Eight kilometres from Chakwal city, heaps of animal waste and overgrown parthenium, colloquially known as gajar booti, overshadow the crumbling walls of a small structure in the Dhakku village.
The building and its surrounding area was once a gurdwara used until 1947. Among those who worshipped here was Sardar Chattar Singh Kohli, the father-in-law of former Indian prime minister Manmohan Singh. The gurdwara in the Gah village where Mr Singh himself was born is also in a dilapidated condition.
Hindus and Sikh were an integral part of the rural population prior to the partition.
In many villages, the land once used for temples and gurdwaras has been occupied by influential villagers. In others, this land is misused without any action from the concerned authorities. “In Pakistan, except for very few grand temples and gurdwaras, the rest have been left to decay. In India, with a very few exceptions, the plight of mosques and imambargahs is the same,” said a retired Evacuee Trust Property Board (ETPB) official.
According to the ETPB, there are 1,221 temples and 588 gurdwaras in Pakistan. However, the ETPB only looks after 12 gurdwaras and 10 temples, which means that of the 1,809 listed places of worship only 22 are under its care.
According to the ETPB, 109,369 acres of land were left by Hindus and Sikhs, of which it has leased 75,055 acres of agricultural land and 15,849 units or urban land. The ETPB earned around Rs1.08 billion from these lands in the 2015-16 fiscal year.
A senior ETPB official said mandirs and gurdwaras were not included in the rented land because places of worship cannot be leased out according to an agreement between India and Pakistan. In addition to mandirs and gurdwaras, schools and health facilities built by Hindus and Sikhs have also deteriorated. In the Chakwal district, prior to partition, all the public schools other than the Government High School (now known as the Government Postgraduate College Chakwal) and the Islamia High School were built by either Hindu or Sikh residents.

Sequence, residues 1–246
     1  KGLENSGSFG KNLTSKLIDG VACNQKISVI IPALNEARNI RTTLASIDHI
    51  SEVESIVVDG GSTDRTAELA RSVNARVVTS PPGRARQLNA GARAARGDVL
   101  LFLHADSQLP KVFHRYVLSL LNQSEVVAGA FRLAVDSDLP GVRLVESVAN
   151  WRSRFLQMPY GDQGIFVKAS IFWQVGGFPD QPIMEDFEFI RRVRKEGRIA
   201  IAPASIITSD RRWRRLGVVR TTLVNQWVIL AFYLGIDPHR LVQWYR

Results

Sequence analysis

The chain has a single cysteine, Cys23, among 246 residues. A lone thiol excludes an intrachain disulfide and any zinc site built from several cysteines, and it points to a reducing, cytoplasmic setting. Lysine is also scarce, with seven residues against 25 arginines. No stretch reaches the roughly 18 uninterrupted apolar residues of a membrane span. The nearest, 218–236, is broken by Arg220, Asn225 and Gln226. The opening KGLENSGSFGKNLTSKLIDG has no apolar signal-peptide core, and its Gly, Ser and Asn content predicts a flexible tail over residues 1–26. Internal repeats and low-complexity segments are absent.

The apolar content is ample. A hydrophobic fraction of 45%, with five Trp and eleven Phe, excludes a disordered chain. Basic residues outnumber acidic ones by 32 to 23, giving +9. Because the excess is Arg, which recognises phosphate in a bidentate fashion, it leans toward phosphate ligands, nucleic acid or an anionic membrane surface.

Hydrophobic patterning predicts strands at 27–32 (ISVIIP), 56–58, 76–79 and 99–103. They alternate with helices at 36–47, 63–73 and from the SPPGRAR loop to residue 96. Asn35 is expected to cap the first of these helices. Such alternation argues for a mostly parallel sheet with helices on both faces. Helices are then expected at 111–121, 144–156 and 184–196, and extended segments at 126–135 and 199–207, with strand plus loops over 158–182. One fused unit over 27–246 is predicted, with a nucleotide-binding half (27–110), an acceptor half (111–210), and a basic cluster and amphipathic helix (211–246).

The most well-known of these are Sant Singh Khalsa High School (now called Government High School No.1 Chakwal) and Aariya High School (Government Postgraduate College Chakwal’s computer science department). In the Hasola, Neelah, Bhoun and Munday villages, the major educational institutions were also built by the Sikh and Hindu communities of Chakwal.
The historic Sant Singh Khalsa High School building, which was built in 1910 and later rechristened, was demolished a year ago after the authorities failed to preserve it. The grand Aariya High School building, which now houses a public school’s computer science department, is also on the verge of collapse.
The building stands on Committee Bagh Road. It was built between 1930 and 1935, through the efforts of various Hindu residents of Chakwal. Among them were Bir Chand and Gyan Prakash, brothers and timber merchants. They contributed to the construction of the school by building a portion in memory of their grandfather Bakhshi Kesar Mal Jaggi.
Published in Dawn, August 21st, 2016